4 Strategies for Engaging Preschoolers in Rich Conversation
As an early childhood educator, you want to provide daily opportunities for your students to participate in activities that help them learn new skills or practice existing ones in a fun, stimulating and supporting environment. One of those skills would be communication. Effective communication skills are integral to children’s self-expression, their development of social relationships and their learning. Today’s blog from Kindermark Kids offers some strategies for engaging your students in rich conversation.
It’s important for students to have the opportunity to engage in conversation in a variety of different ways, for example in a group of peers, with adults, and one-on-one. Using everyday opportunities, you can engage children in meaningful conversation as they listen carefully, build on what others say, model responses and observe. Not only is it your job to create and encourage these opportunities, but remember to lead by example. Children are always watching your interactions with other children, as well as with adults.
1. Use Everyday Activities as Opportunities.
To engage students in rich conversations, you don’t necessarily need to create entirely new lesson plans and activities. You just need to be aware of what’s going on in your classroom and encourage communication throughout everything you do. Rather than just telling children what is going to happen next, get them involved. Use circle time, snack time, story time, nap time, etc. to engage meaningful conversation that sparks learning. For example, instead of just saying it is nap time, ask the children what do we do during nap time? There are so many opportunities for engaging children in rich conversation during the activities you already partake in each day. The challenge is recognizing those opportunities.
2. Design Spaces that Encourage Children to Talk Together.
Be sure to arrange your classroom in a way that supports each type of instructional activity and promotes effective communication. Include an area for circle time, setup different learning centers where children can work together on activities and be sure to engage children outdoors as well. Keep changes to this environment to a minimum. This will provide structure and routine for the children so that they can learn which activities take place in various parts of the classroom. The physical environment will then cue them as to what they are to do and how they are to behave in that area, including what type of communication to use. Predictable classroom routines allow children to anticipate what will happen each day and the type of language they will use for each activity.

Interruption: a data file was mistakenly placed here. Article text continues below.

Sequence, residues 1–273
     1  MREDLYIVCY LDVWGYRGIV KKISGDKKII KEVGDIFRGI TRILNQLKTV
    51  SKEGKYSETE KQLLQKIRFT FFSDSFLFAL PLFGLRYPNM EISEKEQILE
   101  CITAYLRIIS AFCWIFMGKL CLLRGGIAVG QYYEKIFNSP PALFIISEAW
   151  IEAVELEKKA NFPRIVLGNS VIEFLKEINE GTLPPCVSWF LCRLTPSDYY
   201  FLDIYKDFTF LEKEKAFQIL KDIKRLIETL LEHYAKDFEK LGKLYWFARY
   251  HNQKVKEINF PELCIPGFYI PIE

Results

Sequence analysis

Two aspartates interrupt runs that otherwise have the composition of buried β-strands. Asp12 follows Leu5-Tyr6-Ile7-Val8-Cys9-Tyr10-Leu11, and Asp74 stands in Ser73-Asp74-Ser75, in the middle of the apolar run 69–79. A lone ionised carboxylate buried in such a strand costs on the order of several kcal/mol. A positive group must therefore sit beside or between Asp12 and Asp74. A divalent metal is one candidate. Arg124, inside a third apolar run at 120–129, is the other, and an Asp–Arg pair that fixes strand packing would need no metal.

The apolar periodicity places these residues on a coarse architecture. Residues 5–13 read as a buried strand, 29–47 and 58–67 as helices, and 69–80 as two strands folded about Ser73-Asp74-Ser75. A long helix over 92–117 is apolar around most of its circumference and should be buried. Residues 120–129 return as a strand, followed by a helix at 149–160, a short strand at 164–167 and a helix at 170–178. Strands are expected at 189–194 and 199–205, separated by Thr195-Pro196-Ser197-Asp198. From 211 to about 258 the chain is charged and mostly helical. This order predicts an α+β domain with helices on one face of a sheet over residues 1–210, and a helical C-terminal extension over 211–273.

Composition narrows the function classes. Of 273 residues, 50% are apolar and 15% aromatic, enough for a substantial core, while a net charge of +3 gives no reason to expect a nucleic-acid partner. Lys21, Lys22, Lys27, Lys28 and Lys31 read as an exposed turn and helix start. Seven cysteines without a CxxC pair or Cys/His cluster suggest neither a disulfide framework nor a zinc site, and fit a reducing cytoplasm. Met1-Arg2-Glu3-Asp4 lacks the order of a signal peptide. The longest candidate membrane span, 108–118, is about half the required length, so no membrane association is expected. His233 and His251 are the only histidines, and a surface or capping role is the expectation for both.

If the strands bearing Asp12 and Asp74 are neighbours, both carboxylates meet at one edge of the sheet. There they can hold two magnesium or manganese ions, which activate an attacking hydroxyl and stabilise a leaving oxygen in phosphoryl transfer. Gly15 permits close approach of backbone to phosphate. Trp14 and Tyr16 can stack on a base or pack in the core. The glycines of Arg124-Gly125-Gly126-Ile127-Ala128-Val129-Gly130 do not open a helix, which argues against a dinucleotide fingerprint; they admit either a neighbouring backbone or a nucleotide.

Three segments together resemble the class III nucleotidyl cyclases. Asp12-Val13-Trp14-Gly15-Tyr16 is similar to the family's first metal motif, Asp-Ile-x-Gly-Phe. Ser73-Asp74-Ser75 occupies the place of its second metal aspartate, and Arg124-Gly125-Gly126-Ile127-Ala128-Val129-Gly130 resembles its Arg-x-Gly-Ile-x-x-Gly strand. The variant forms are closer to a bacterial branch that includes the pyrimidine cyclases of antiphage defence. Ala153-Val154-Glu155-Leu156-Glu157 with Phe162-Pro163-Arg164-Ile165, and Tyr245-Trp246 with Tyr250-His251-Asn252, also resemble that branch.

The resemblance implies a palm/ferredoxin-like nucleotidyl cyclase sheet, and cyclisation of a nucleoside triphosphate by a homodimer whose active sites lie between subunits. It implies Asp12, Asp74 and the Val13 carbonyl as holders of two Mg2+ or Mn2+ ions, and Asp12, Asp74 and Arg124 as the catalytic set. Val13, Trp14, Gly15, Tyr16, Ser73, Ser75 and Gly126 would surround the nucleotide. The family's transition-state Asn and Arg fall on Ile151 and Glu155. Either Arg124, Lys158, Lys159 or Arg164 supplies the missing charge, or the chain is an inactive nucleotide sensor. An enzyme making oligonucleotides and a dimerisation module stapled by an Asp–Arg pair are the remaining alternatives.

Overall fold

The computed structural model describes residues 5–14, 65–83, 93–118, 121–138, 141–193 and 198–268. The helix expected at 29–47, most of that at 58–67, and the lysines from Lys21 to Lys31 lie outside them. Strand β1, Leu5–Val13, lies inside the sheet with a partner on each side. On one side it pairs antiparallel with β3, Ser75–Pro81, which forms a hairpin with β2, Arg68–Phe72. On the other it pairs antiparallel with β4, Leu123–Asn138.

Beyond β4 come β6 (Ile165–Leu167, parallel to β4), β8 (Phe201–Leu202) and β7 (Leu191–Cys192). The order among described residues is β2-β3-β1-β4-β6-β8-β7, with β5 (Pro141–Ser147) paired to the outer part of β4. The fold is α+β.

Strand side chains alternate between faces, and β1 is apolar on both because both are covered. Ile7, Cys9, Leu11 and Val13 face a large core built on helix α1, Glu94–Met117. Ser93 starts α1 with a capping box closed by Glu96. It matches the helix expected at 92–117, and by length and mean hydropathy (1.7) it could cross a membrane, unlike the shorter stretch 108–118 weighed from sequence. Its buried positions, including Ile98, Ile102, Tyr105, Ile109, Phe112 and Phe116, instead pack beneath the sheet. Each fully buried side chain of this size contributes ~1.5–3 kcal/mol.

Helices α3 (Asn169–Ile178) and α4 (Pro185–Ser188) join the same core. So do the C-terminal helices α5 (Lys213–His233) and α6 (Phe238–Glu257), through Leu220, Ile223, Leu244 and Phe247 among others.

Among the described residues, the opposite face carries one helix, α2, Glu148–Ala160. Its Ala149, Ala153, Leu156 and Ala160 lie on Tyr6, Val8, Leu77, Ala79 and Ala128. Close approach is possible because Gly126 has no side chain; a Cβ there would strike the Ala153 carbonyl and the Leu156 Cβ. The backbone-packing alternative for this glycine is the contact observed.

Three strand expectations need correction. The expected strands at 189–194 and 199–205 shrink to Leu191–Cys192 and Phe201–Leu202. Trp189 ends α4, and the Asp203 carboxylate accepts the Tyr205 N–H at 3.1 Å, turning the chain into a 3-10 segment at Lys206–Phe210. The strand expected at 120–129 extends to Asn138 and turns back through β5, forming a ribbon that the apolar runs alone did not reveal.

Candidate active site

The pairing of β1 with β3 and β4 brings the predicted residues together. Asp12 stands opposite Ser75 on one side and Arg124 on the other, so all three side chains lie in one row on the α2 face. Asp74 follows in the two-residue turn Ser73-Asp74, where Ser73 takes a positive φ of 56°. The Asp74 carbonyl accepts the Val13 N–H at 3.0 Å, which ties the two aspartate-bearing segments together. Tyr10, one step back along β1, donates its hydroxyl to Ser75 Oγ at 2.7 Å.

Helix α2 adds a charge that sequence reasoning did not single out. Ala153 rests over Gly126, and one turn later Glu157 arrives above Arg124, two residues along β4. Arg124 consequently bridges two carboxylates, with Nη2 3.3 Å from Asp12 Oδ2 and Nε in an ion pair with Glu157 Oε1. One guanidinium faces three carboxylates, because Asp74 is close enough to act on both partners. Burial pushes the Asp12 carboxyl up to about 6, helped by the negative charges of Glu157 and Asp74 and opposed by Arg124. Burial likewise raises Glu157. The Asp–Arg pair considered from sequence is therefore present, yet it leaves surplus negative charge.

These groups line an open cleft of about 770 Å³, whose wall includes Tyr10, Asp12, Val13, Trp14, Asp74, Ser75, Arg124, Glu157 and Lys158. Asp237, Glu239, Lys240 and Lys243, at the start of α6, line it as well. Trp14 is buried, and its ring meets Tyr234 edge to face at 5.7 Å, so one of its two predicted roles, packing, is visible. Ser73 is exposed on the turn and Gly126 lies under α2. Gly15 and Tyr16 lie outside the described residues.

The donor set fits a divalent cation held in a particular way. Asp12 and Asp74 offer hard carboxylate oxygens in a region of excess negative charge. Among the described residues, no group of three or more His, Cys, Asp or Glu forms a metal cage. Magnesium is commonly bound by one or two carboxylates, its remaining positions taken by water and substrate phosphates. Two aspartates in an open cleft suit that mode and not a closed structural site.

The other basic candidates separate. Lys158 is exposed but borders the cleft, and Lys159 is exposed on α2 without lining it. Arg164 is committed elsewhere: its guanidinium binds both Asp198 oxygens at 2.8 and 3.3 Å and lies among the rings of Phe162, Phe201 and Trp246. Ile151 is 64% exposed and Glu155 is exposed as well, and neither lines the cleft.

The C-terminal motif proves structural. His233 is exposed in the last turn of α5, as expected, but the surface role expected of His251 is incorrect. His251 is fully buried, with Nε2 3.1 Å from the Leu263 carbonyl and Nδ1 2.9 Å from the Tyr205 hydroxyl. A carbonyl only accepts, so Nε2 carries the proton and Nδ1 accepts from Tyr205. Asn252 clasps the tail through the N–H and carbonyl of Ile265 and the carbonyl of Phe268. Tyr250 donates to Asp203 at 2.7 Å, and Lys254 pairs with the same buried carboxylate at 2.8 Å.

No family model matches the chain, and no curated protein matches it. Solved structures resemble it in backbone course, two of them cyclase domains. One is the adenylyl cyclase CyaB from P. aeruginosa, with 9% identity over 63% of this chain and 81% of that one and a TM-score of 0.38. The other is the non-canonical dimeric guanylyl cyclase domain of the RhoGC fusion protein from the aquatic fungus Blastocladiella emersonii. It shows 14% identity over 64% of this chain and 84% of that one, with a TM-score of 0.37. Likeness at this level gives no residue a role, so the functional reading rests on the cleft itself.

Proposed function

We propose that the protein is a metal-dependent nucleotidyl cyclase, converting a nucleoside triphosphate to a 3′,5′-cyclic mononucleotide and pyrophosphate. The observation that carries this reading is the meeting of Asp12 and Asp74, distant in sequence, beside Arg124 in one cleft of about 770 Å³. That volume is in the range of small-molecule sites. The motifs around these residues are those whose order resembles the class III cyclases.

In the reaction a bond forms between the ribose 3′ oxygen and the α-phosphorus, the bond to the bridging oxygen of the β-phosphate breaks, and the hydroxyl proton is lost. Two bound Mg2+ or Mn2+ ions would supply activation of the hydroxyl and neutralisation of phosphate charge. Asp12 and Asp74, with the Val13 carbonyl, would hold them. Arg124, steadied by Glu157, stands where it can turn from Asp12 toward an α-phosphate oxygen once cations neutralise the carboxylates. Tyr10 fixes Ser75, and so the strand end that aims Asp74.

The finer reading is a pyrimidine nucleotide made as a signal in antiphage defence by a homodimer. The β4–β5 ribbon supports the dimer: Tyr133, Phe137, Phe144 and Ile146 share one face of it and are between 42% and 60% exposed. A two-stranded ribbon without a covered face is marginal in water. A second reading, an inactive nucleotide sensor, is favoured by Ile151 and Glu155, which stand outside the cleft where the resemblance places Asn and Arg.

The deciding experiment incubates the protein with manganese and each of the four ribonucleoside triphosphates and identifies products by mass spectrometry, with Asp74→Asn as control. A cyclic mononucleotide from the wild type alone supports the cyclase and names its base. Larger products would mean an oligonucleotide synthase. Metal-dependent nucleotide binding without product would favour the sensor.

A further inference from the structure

3. Regularly Introduce New Words and Phrases.
One of the most effective strategies for exposing children to rich language input is for the teacher to provide an ongoing commentary on activities that are taking place in the classroom. This exposes children to language associated with the immediate context. Give detailed descriptions, using different words and grammar. In addition, teachers can use props, introducing objects that spark conversation. You can also use books to introduce new language and engage children’s participation. Then read those books over and over so that they learn the words and their meanings. Songs and videos can also be used to effectively introduce new language and ideas.
4. Ask Open-Ended Questions to Challenge Children.
When engaging in conversation with children, make sure to ask open-ended questions rather than yes or no questions. This will challenge the children to think deeper as they express their ideas. For example, instead of asking “Did you think that would happen?” ask “Why do you think that happened?” You want to prompt the children to use as many words as possible when they express themselves. By doing so, you are helping them not only express their thoughts effectively, but conversation also helps them get what they need, resolve conflict, ask for help and learn from others.
Kindermark Kids is here to help support you in engaging your students in rich conversation by providing quality learning products. From educational toys to children’s furniture and organizational storage for organizing your centers, we’ve got your classroom needs covered!
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- Erin Burdette